Long before discussions of impeachment became commonplace, a means of denying President-elect Donald Trump the White House was floated and circulated among liberal groups.
They formed a national alliance shortly after the 2016 election designed to manipulate the Electoral College by persuading and pressuring electors not to vote for Trump when members of the Electoral College met to cast their votes on Dec. 19, 2016, but to vote for an alternative candidate.
As we all know, they were not successful.
But what happened to the small handful of electors who broke their pledges? There were seven nationwide, including four in the state of Washington.
Are there any consequences when an elector changes his vote? Can states punish faithless electors? According to a recent decision by the Washington state Supreme Court, the answer is “yes.”
In the Matter of Levi Guerra, Esther V. John, and Peter B. Chiafalo, the state Supreme Court explained that some electors nationwide—including the defendants in this case—announced that “they would not vote for either [Hillary] Clinton or Trump and would instead attempt to prevent Trump from receiving the minimum number of Electoral College votes required to be president.”
They apparently hoped that would throw the election into the hands of the House of Representatives.
When the Electoral College met, three of the Washington state electors who had pledged to vote for Hillary Clinton instead cast their votes for retired Gen. Colin Powell and one for a leader of the Yankton Sioux Nation, Faith Spotted Eagle.
As a result, they were fined $1,000 each under a state statute for failing to vote for the nominee of their political party. Three of the electors appealed a lower court decision against them to the Supreme Court of Washington.
The electors claimed that the state law violated Article 2, Section 1 of the U.S. Constitution (which delineates the process whereby electors convene and cast their ballots), as well as the First and 12th Amendments (providing a right to free speech, including through voting, and amending the process whereby electors cast their ballots, respectively).
They argued that as “presidential electors, they perform a federal function” and that “electors are intended to exercise independent judgment in casting their ballots.”
By imposing a fine, they said, the state was interfering “with a federal function in violation of the Constitution.”
But writing for an 8-1 majority, Chief Justice Barbara Madsen disagreed. Madsen went through a detailed history of the reasons that the delegates at the Constitutional Convention created the Electoral College, noting that the “manner of appointment of electors was left to the states.”
She cited the important fact that “presidential electors were understood to be instruments for expressing the will of those who selected them, not independent agents authorized to exercise their own judgment.”
Madsen discussed a 1934 case raised by the electors interpreting the Federal Corrupt Practices Act, Burroughs v. U.S., in which the U.S. Supreme Court held that electors perform a federal function when they cast their ballots in the Electoral College.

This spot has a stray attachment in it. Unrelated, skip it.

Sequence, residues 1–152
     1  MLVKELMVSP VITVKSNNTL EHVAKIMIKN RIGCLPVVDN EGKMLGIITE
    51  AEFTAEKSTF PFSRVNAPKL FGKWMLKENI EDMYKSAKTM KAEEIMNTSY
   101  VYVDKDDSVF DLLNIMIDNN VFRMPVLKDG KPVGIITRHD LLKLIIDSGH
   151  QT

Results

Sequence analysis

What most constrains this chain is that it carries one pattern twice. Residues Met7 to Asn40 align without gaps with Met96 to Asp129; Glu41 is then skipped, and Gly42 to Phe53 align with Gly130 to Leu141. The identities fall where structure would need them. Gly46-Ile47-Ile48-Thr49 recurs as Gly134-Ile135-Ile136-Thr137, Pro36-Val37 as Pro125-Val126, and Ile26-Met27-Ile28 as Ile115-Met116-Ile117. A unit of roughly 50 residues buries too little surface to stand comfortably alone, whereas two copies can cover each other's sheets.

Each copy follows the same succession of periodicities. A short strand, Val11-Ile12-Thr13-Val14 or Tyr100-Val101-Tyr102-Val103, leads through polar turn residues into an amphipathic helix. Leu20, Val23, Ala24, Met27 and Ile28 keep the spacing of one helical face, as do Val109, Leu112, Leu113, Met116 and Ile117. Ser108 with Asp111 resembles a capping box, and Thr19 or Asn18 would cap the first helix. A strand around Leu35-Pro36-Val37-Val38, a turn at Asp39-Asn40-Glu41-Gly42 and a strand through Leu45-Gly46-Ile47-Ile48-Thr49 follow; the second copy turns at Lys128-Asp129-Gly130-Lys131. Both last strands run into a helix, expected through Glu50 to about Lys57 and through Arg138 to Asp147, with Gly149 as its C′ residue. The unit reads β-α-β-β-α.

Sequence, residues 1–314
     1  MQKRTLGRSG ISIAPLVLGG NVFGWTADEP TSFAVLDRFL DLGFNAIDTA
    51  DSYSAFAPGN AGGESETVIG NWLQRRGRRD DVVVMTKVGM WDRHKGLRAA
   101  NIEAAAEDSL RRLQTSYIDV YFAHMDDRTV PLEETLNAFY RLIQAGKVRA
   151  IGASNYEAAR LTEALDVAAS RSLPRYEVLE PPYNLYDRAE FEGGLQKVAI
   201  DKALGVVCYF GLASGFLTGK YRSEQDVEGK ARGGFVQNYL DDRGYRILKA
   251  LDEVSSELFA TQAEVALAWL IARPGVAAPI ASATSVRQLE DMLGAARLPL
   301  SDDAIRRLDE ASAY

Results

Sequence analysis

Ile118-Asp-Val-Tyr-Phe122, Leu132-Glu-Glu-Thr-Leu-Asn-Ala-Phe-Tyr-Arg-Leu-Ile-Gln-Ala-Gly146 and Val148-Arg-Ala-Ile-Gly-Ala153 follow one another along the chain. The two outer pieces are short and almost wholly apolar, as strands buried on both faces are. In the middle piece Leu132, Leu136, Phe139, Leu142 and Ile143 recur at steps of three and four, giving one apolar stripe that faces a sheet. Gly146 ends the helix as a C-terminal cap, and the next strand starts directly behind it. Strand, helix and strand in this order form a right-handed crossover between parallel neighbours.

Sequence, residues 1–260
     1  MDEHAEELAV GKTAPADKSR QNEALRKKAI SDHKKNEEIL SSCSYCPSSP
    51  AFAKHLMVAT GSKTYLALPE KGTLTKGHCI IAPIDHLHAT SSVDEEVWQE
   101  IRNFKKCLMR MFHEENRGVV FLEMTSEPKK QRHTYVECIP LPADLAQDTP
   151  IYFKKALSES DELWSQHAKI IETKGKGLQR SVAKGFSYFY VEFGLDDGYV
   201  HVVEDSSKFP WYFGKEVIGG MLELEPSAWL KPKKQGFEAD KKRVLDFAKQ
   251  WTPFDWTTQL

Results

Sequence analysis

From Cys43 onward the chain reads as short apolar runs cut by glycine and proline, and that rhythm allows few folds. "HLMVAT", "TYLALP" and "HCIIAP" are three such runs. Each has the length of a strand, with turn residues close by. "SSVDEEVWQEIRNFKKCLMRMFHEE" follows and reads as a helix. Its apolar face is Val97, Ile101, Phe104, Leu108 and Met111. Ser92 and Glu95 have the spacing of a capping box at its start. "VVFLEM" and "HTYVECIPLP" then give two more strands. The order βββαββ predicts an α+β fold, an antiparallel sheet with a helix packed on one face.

However, they are not officers or agents of the federal government, and the Federal Corrupt Practices Act does not “interfere with the power of a state to appoint electors or the manner in which their appointment” was made. According to the ruling in Burroughs, the federal statute “in no sense invades any exclusive state power.”
Madsen also cited another U.S. Supreme Court case, Ray v. Blair (1952), in which the court held that an Alabama statute requiring electors to pledge their votes to a specific party candidate in primaries was constitutional.
According to Madsen, the Ray case supports the argument that nothing in the Constitution “prohibits a state from imposing certain conditions on electors as a part of the state’s appointment powers, including requiring electors to pledge their votes.”
Furthermore, the 12th Amendment “simply requires the electors to meet at the specified date and time outlined by Congress and to cast two votes for qualified candidates—one for president and one for vice-president.”
That provision does not limit “a state’s authority in adding requirements to presidential electors.” Thus, it is clearly within the power of a state such as Washington “to impose a fine on electors for failing to uphold their pledge, and that fine does not interfere with any federal function outlined in the [12th] Amendment.”
Madsen also rejected the electors’ First Amendment claim.
Electors, she wrote, are “carrying out a state government duty.” Their power to cast a vote in the Electoral College “comes from the State, and the elector has no personal right to that role.”
When they choose to be nominated as electors by their political party, they do so “subject to the rules and limitations that attend the position.” They also have the “ability to step down as electors without penalty” if they do not want to honor their pledge.
Thus, the casting of electoral ballots does not implicate the First Amendment.
There have been faithless electors throughout our history, but their number has been relatively small, and they have never come close to affecting the outcome of a presidential election.
As the Supreme Court of Washington correctly concluded, fining those who break their pledge is constitutional and well within the authority given to state legislatures to appoint electors “in such manner” as they choose.
It is also fully within that same constitutional authority for states, as some do, to provide that faithless electors will be replaced before states certify the votes of their Electoral College electors.